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African Governance Report III - 2013

Elections and the Management of Diversity

image of African Governance Report III - 2013
This report is the most comprehensive report on governance in Africa, assesses and monitors the progress African countries are making on governance, identifies capacity gaps in governance institutions and proposes polices and strategic interventions aimed at promoting good governance on the continent. It focuses on political and economic governance, development of the private sector and corporate governance, checks and balances in political power, institutional effectiveness and accountability of the executive, human rights and the rule of law, corruption and institutional capacity building. The theme of this third edition of the report revolves around elections in Africa becoming a significant tool for political change and genuine democratization.

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The economics of elections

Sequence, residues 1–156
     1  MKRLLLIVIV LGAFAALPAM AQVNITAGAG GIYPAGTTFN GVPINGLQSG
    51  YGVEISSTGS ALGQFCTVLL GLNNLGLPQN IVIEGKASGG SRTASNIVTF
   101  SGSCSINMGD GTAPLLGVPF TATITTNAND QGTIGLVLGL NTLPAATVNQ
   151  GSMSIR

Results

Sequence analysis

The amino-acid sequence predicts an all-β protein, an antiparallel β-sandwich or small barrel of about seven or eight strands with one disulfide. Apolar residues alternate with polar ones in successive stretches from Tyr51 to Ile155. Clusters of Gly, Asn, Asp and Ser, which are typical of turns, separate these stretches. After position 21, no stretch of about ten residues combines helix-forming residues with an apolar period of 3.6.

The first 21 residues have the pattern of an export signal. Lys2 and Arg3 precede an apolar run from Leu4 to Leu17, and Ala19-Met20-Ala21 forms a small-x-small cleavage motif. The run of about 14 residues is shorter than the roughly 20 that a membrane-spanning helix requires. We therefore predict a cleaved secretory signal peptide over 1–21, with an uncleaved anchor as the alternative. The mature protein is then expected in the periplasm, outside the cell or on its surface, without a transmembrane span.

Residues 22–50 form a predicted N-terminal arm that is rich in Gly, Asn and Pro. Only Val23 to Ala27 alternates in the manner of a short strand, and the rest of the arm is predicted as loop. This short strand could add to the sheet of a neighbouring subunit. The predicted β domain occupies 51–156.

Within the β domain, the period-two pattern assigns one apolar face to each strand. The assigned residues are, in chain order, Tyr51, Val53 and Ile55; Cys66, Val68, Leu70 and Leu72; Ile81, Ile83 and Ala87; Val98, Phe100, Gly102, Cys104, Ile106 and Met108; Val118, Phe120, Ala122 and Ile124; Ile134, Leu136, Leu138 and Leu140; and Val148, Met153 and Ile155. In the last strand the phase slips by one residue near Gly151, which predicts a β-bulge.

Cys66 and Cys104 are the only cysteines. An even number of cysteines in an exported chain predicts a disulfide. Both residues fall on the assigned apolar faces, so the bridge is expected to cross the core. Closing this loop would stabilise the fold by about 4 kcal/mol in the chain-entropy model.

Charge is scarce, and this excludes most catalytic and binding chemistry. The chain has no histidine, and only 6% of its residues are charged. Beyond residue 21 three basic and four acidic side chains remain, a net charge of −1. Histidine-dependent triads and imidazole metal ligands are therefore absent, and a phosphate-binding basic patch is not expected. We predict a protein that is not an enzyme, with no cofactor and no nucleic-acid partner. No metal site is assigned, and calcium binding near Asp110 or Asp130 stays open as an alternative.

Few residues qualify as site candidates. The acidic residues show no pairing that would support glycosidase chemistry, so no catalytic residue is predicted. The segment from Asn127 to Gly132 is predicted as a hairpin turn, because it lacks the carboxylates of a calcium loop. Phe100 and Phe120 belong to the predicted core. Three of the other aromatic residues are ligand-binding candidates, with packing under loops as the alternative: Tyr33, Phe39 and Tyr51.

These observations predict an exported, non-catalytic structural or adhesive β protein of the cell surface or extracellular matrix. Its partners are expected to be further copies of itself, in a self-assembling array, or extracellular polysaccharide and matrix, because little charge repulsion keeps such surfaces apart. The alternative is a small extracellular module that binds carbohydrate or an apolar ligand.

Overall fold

Elections are expensive, and becoming more so in Africa because of rapid population growth and civil conflicts. Resources, especially money, are therefore critical to electoral competition in both the established and emerging democracies (Nassmacher 2009; Samuels 2001; Austin and Tjernstrom 2003). As the US politician Jesse Unruh observed, money is the “mother’s milk of politics” (Nassmacher 2003, 5). Money is a double-edged sword, however, and can also distort the electoral process (Igwe 2011), such that successful, sustainable democracy demands particular attention to political finance (Nassmacher 2003).

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